|International Research Conference, Lancaster UK, 18 - 20 July 2016|
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What would socially-just international measures of the quality of teaching in higher education look like?
Paul Ashwin, Department of Educational Research, Lancaster University, Rachel Sweetman Department of Education, University of Oslo
This paper is focused on the challenges of comparing the quality of undergraduate degrees internationally in a way that is socially-just. It attempts to offer a constructive response to ongoing concerns about the issues involved in devising international measures and comparisons of teaching quality in higher education. The influence of international comparison can be significant, but the process of measuring and comparing can have unintended and undesirable impacts on institutional and individual practices. In different ways each of the keynotes think pieces highlight the need to develop socially-just international measures of the quality of teaching in higher education. Jenni Case shows the importance of developing arguments for socially-just education that have purchase in a world dominated by metrics, whilst Jan McArthur highlights the need to bring together ‘the near’ and ‘the far’; in this case ‘the near’ of close-up measures of teaching and learning and ‘the far’ of international measures of the quality of teaching. Finally Monica McLean’s piece highlights the need to develop quality measures that reflect students’ engagement with knowledge and thus provide a sense of epistemic justice. Starting from a discussion of the limited insights rankings offer on teaching or programme quality, we briefly examine some alternative attempts to assess and compare quality internationally that have more of a teaching focus than traditional rankings . We argue that rankings, and recent approaches to compare degree quality or outcomes, lack validity as ways of comparing the learning that takes place in universities or teaching quality. They fail to engage with crucial aspects of higher education including the transformational potential of higher education and students’ engagement with disciplinary knowledge. Based on these limitations, we identify criteria for alternative forms of comparison which avoid the unintended consequences which undermine existing approaches. This paper offers a concrete contribution to ongoing debates and the potential for more empirical work investigating the benefits and limitations of differing approaches to comparison. We argue for changes in how league table data are utilised and interpreted, while presenting an alternative that would offer more valid insights into teaching quality.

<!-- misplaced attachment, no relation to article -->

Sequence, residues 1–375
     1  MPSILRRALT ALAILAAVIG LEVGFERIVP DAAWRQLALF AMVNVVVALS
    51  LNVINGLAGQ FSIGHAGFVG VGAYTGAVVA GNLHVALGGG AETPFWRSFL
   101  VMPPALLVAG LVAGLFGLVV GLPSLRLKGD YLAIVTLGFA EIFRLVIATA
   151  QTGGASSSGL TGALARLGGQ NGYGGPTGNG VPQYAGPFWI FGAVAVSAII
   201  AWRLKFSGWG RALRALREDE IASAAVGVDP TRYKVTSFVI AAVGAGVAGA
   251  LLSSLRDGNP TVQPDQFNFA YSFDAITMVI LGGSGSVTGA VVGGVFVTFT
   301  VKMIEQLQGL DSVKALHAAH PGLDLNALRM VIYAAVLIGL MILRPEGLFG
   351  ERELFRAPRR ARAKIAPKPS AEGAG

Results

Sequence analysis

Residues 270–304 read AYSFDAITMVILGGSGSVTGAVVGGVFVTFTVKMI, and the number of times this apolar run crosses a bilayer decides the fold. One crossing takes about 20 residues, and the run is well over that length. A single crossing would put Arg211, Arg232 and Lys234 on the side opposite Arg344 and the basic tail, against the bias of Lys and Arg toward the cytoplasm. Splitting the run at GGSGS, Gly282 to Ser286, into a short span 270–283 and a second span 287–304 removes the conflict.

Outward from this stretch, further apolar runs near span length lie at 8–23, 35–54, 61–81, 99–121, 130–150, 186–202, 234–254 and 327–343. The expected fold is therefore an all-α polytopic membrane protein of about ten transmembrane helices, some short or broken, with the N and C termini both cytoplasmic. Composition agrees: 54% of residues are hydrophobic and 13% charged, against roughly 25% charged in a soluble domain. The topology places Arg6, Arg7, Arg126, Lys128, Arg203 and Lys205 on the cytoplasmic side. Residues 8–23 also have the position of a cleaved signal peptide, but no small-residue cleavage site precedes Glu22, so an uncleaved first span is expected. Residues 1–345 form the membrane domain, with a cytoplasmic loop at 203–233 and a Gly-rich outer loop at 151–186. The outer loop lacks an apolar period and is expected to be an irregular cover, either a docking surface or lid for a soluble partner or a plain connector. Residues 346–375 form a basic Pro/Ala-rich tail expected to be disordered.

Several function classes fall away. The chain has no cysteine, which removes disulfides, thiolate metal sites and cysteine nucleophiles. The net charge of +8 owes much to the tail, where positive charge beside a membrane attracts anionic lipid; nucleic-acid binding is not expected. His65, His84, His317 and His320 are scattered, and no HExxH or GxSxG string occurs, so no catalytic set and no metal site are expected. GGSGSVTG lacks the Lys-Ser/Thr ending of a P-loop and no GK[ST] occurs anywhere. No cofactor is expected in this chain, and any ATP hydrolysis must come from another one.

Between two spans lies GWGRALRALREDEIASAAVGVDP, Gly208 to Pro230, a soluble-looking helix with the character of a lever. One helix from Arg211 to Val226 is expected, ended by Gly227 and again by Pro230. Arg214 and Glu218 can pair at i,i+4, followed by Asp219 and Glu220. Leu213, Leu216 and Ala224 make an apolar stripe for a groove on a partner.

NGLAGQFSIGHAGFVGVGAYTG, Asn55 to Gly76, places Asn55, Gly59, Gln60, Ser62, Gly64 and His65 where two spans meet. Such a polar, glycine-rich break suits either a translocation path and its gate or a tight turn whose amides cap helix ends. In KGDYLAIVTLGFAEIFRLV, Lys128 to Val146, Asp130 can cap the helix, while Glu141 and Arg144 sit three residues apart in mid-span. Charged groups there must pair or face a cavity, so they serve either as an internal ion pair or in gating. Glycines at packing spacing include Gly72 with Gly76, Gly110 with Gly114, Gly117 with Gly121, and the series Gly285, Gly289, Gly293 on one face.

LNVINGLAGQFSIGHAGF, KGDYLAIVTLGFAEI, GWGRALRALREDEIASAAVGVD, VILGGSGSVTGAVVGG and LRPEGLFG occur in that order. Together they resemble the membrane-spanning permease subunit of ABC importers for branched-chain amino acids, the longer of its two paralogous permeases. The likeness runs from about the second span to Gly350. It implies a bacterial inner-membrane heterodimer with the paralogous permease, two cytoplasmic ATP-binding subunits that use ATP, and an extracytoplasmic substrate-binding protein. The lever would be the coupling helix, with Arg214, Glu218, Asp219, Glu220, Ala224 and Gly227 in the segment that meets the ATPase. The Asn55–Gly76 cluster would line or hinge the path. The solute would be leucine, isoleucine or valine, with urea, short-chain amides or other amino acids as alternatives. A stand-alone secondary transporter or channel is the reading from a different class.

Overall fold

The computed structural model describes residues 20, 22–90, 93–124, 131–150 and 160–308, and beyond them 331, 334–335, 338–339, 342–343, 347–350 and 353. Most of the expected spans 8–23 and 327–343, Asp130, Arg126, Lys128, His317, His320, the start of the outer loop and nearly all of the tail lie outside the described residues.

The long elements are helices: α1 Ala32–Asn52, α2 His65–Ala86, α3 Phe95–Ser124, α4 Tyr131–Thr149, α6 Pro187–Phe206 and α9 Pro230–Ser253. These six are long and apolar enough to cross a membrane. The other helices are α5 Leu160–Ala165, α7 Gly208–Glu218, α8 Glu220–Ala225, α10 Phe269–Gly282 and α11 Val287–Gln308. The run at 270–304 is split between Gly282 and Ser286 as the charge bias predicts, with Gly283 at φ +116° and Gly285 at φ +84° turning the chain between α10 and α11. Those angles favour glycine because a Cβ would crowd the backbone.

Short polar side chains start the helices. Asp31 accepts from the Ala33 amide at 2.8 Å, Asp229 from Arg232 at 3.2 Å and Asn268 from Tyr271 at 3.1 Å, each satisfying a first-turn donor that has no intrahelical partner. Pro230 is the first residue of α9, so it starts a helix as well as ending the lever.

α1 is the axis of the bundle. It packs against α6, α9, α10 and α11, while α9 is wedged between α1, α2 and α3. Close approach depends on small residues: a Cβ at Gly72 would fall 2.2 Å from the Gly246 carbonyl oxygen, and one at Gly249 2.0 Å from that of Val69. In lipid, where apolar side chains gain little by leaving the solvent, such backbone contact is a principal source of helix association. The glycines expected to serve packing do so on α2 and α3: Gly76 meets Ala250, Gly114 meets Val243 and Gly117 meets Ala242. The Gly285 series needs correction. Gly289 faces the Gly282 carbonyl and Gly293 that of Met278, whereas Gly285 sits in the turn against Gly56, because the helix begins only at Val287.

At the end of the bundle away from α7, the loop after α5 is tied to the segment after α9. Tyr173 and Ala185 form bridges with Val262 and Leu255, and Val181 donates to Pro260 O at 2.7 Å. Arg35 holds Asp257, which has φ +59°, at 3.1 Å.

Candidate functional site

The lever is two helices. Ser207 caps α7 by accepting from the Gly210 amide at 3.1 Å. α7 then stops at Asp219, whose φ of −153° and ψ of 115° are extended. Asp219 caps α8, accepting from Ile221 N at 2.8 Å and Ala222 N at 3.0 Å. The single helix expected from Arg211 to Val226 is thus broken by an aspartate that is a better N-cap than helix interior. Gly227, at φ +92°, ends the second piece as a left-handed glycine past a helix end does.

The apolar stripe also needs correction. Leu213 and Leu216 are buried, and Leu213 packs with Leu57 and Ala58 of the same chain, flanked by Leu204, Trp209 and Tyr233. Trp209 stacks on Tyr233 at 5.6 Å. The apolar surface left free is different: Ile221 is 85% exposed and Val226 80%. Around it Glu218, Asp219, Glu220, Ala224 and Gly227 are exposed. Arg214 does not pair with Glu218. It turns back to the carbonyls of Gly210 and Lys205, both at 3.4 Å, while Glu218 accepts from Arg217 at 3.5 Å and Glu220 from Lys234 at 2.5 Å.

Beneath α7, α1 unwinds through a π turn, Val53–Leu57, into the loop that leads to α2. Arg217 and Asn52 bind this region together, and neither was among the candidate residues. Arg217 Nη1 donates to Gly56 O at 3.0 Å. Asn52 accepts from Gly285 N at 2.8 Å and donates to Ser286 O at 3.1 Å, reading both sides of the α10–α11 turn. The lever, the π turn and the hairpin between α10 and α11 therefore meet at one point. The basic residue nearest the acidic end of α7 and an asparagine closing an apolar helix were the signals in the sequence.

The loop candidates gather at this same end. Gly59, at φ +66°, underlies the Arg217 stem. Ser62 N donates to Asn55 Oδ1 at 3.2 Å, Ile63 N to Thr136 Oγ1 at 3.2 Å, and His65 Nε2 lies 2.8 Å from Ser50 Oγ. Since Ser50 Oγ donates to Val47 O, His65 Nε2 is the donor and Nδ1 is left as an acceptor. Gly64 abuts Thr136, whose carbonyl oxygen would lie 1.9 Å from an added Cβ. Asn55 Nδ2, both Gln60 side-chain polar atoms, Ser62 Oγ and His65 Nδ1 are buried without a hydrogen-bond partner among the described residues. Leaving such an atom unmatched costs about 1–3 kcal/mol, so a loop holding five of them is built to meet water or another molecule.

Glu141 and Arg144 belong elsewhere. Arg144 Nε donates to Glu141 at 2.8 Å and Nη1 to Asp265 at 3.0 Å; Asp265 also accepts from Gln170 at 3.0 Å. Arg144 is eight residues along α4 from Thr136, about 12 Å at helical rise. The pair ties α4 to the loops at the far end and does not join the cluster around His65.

Comparability, learning outcomes, measurement
Link to Full Paper (If submitted)
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